This is medicine’s blind spot, sadly, not asking the patient about sources or tension in their lives and not recognising when emotions are causing physical symptoms. Thankfully I knew the cause and went away to work on it. There was a large emotional conflict that was winging its way to the surface of my awareness. It related to my job, my frustrations with the medical system and my deeper frustrations dating right back to my early years.

One pioneer who observed the relationship between chronic pain and emotions was Dr John Sarno

He died in 2017 before his work was fully embraced by the medical profession. He noticed that many patients who were presenting to him, in pain, had other potentially stress related conditions such as irritable bowel syndrome (IBS) and migraine.

From this, he hypothesised that unexpressed emotions were are the root of many conditions (where no disease process could be found). Rage was the predominant emotion but there are others – shame, anxiety, jealousy and they are unconscious. He named this process Tension Myositis Syndrome or TMS.

These emotions are unconscious because the body-mind classifies them as too dangerous to come into conscious awareness. The person is not aware of the emotions and so it can come as a huge shock to find that there is anger and rage bubbling under the surface-particularly if one sees oneself as a “good, together type of person”

The interesting thing is that once these emotions are acknowledged, there is no need for the symptom or the pain. The game is up and the body-mind no longer has to create diversions.

In my case, I was aware intellectually that at times, I experienced a crippling low self esteem. I had an inner critic that berated me and I had tried for many years to “prove the voice wrong” by amassing a selection of worldly achievements. This desire to hide this “part”of me was so great that I was prepared to stay in a job I didn’t like and toe the party line as opposed to speaking my truth.

When this facade cracked open (this was through an intensive meditation practice), waves of shame and anger poured out and I sank into a deep depression for a while.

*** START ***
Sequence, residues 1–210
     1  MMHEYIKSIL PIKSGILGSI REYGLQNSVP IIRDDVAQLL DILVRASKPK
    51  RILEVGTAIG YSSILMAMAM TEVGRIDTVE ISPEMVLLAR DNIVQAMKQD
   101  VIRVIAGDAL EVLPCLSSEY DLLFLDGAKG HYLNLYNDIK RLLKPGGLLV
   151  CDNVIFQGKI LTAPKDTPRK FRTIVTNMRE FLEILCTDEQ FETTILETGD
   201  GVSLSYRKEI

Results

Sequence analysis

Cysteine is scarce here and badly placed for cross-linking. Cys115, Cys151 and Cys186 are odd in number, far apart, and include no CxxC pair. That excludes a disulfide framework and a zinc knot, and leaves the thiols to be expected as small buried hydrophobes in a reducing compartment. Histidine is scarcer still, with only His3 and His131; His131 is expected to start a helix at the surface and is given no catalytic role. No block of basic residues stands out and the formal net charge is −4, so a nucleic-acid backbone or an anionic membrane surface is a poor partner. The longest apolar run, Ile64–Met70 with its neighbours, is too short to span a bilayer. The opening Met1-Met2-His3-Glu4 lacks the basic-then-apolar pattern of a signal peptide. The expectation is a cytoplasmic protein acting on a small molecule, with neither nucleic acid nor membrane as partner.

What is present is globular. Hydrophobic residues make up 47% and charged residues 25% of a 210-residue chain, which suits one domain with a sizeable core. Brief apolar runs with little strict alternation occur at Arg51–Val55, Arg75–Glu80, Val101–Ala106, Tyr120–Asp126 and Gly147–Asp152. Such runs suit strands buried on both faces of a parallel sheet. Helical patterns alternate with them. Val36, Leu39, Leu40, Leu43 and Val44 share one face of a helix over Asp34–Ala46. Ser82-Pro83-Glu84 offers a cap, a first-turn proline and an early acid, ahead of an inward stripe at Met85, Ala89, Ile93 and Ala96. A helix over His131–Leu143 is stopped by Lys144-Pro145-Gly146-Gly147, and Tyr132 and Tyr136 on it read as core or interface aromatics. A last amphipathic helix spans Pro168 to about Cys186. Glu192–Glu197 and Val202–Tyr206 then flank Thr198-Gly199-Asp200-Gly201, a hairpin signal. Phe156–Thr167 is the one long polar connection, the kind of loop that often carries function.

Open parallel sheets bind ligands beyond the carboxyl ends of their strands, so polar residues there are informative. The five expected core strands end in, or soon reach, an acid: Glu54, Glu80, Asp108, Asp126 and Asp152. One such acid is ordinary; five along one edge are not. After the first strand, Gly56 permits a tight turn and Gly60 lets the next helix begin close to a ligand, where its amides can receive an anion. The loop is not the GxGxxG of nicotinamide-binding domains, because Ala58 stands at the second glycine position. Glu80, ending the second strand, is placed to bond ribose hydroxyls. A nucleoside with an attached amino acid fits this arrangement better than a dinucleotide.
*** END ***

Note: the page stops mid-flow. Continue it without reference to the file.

But interestingly the back pain went

I’d encourage anyone who is struggling with pain or medically unexplained symptoms to research Dr Sarno. His legacy lives on and health care professionals who have developed his work can be found in both the UK and the US

Check out the links below:

Twelve – Stepping into Narcotics Anonymous

So I joined Narcotics Anonymous. I was desperate and I knew that if I continued to use, I would lose my career and my relationship with my future husband. I had some knowledge of Alcoholics Anonymous. I remembered having to learn about the program for an exam I was sitting. I had envisaged crusty old men in a dusty church hall. NA was very different. For a start, most of the “members” were around the same age as me. Our backgrounds were very different though. They were mostly males and many had been addicted to heroin and been through the criminal justice system. A large proportion of them were smokers. I didn’t really know what to say to them.

When I get stressed and anxious, I tend to use long, intelligent sounding words to cover my insecurity. One guy, named Tony came to chat to me and told me all about his recent leg operation where he had ended up with septicaemia and post-thrombotic syndrome. Many years later, he told me he had seen straight through me and this was his way of breaking the ice and helping me to feel at home. I was very grateful to him.

I remember sitting down in the circle and trying to work out who the “leaders” of the group were. What were their credentials and qualifications? Perhaps I could be the leader? I probably had more letters after my name than most of them there. I was also very arrogant. Never mind. After my second meeting, I was given a job making tea for the meeting. This was in theory easy to do but there was one small problem. The amount of sugar used. This is not uncommon in twelve step groups where members will switch addictions from say, drugs to sugar and caffeine. I felt that from a health promotion point of view, I was not being true to my profession, if I didn’t ration the amount of sugar being consumed. I even bought sugar cubes and tongs to aid me in this quest. Needless to say, this was not well received by the group and I was forced to reign in my controlling tendencies. I was still very arrogant